BJJ permits all the techniques that judo allows to take the fight to the ground. Once on the ground the opponents can continue to fight, and winning is usually the result of one participant "tapping out". In sport competition, matches are timed and can also be won by outscoring your oppenent by gaining dominent positions, and completing certain manuevers.

Popular techniques employed by practioners are the triangle choke, kimura, cross-choke, armbar, foot-locks, sweeps, and maintaining dominent positions. Fighting generally begins from the stand-up position and the fighters will work to take eachother down by employing a range of throws, sweeps, and other takedowns. Once on the ground, each oppenent will move to try and gain an advantageous position and apply techniques designed to force the oppenent into submission (tap out).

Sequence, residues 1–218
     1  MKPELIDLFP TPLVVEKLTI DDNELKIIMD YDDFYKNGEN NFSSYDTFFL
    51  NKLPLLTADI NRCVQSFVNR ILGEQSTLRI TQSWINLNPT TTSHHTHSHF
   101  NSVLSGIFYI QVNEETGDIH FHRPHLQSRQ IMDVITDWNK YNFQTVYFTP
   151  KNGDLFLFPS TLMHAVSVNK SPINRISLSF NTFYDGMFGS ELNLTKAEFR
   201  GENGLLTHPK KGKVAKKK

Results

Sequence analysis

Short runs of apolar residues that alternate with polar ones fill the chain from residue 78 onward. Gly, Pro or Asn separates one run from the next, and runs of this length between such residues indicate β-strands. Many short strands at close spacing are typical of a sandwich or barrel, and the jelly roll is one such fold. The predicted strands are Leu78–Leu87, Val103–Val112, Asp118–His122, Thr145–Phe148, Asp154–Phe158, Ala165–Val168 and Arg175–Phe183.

Benefits of Brazilian Jiu-Jitsu

  • Excellent form of self-defense
  • Enhances flexibility and stamina
  • Strength conditioning
  • Confidence
  • Discipline
  • Develops self awareness and assertiveness
  • Stress reduction and positive attitude

BJJ (Brazilian Jiu Jitsu) Videos

I love this video, great demonstration of take downs and subsequent transition into submissions. These two guys show how fluid BJJ can be. I stronly suggest watching this one.